What does this mean for you?

Three thousand percent means you can’t afford to NOT address opioid addiction and dependency.

 

Work comp drug spend is going down

On average payers’ drug spend dropped 6.5% from 2014 to 2015.

And the bigger payers saw bigger reductions, with several cutting spend by double digits.

Those are the results for 30 large and mid-sized work comp payers I surveyed for CompPharma’s annual Prescription Benefit Management in Workers’ Compensation Survey.  State funds, large and mid-sized insurers, TPAs, self-insured trusts, and very large employers all participated in this, the 13th annual Survey.

The big question is – why?

Before we jump into that, allow me to address a potential criticism of payers’ drug management efforts.  This reduction is NOT because payers want to prevent their patients from getting the care they need.  Rather, payers – and their PBM partners – are focusing on ensuring patients get the drugs they need quickly and with minimal hassle, while blocking potentially problematic drugs.

This effort has paid off in the near term in lower costs for employers and taxpayers, and will almost certainly result in quicker healing and return to functionality; patients who don’t get unnecessary opioids get better a lot faster than patients prescribed these dangerous and often-misused drugs.

The Survey report, which will be out in August, will have details.  At this point in our analysis, several drivers seem to be at play here.

By far the most significant is the depth and breadth of pharmacy clinical management programs now in place at most payers.  The vast majority of payers rely on their PBM partners for most clinical management functions, with responsibility delegated to PBMs for some/most/all functions including:

  • patient enrollment
  • formulary development and management
  • prior authorization
  • pharmacist review of claims
  • prescriber outreach and follow-up
  • peer review and interaction
  • reporting
  • high cost claim assessment and intervention

This is somewhat unique in the work comp medical management world.  Unlike surgery, hospitalization, and other service types, most payers have delegated pharmacy management to PBMs.  There are several reasons for this.

  • Unlike other medical services, pharmacy is highly automated, requiring a unique electronic communication capability and expertise to accept, approve, process, and pay for the service.
  • Few payers want to invest the funds and management resources necessary to effectively manage pharmacy.  With the continued focus on reducing administrative expenses, overhead is an evil word at most insurers, so outsourcing it just makes financial sense.
  • PBMs have a lot more knowledge about pharmacy management as this is their core business.  Insurers, TPAs, and state funds have many other priorities on their collective plate, priorities that most view as more central to their core business.  They are insurers and claims handlers, not pharmacists.

That said, a handful of large payers have internalized pharmacy management – hiring pharmacists and nurses, instituting workflows specific to drug authorization, focusing on long-term opioid users, and tightening up drug formularies and approval processes.  These entities are also seeing solid payback on that investment, with costs dropping by double digits for these big payers too.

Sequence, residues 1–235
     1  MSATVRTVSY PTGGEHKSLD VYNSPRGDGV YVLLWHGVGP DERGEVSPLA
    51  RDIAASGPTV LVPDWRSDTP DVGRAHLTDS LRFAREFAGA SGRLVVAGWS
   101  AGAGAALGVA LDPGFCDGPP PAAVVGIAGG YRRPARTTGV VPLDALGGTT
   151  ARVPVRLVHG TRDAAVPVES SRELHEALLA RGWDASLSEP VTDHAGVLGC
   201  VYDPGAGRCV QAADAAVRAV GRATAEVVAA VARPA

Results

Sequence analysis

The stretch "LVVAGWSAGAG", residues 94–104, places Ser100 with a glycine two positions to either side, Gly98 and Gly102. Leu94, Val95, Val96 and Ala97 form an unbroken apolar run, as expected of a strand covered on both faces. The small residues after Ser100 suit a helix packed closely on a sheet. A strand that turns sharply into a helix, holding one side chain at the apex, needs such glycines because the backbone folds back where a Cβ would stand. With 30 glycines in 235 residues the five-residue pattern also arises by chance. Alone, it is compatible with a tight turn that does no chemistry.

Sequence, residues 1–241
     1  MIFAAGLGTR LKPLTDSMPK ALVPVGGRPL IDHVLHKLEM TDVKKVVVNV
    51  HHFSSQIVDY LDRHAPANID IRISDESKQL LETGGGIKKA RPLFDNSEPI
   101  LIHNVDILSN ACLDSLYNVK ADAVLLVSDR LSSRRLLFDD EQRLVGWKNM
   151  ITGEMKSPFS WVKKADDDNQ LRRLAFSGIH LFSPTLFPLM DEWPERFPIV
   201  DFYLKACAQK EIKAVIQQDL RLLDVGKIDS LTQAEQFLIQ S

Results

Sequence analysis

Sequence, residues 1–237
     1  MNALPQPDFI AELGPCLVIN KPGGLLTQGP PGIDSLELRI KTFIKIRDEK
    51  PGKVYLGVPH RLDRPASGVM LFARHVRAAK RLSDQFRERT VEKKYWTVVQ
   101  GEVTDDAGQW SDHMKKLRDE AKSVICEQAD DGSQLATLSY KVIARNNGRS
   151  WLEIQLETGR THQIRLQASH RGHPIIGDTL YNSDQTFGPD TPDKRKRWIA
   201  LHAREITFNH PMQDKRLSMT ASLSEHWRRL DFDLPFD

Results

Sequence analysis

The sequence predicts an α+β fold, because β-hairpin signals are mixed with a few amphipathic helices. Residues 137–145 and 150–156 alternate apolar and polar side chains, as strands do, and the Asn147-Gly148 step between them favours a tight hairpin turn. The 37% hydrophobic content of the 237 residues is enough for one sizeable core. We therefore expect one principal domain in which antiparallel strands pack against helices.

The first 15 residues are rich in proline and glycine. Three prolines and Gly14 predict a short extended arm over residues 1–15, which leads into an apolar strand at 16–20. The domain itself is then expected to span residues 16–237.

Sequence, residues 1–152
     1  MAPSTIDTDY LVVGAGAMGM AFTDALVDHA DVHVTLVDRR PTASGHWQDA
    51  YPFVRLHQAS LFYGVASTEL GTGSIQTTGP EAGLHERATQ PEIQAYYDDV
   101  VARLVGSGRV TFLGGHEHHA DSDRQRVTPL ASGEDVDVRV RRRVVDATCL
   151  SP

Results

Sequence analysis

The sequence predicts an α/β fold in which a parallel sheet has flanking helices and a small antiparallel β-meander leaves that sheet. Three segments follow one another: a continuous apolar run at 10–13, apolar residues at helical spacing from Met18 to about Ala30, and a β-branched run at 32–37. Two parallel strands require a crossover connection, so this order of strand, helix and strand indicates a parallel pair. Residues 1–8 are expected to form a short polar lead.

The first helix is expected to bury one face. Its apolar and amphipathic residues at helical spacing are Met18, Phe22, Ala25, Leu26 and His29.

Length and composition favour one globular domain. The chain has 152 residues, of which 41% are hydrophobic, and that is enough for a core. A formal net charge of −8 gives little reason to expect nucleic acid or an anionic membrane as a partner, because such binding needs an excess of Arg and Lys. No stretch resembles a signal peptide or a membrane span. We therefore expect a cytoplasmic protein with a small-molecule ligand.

A final point that bears consideration.

Work comp PBMs, most of which are members of CompPharma (I am president of CompPharma), are doing a really good job and thereby reducing their income and profits.

They do this because this is how they win additional business; their value proposition is to ensure patients get the right medications and don’t get the wrong ones.

What does this mean for you?

PBMs are getting it done.

Work comp pharmacy – different indeed

The US spent $322 billion on outpatient drugs in 2015 – an 8.1% increase over the year before. (subscription required)

Over the next decade, CMS expects drug spending increases to outpace overall health care inflation by a significant margin at an average annual jump of 6.7%.

Things look remarkably different in the work comp world.

I’ve been surveying workers’ comp payers (insurers, state funds, TPAs, and large employers) for 13 years and the latest data indicates most are seeing a year-over-year decrease in drug spend.  I haven’t finished aggregating the data and checking the details, but this year looks like a continuation of the decreasing drug cost trend we’ve seen over the last several years (past Surveys available here).

More than 2/3rds of payers surveyed reported a drop in drug costs in 2015, and those that saw increases usually cited unique situations as primary drivers for those increases. Conversely, payers with decreases generally attributed their success to the same factors:

  • a strong focus on clinical management 
  • particular attention paid to opioid usage
  • ongoing, concerted effort to drive generic utilization

One other key driver – payers that work closely with PBMs on a variety of programs – retail network penetration, high risk patient identification, peer review, and outlier-prescriber outreach are seeing significantly better results.

I would note that work comp PBMs are spending a lot of money and resources to cut their revenues.  [I am president of CompPharma, a consortium of worker’s comp PBMs]

While there’s no question work comp can learn a lot from group health and other payers, the remarkable success workers comp payers have had in reducing the utilization of opioids shows that Medicaid and group health could and should carefully study what we’ve been doing.

What does this mean for you?

We are making progress, and work comp PBMs are leading the way.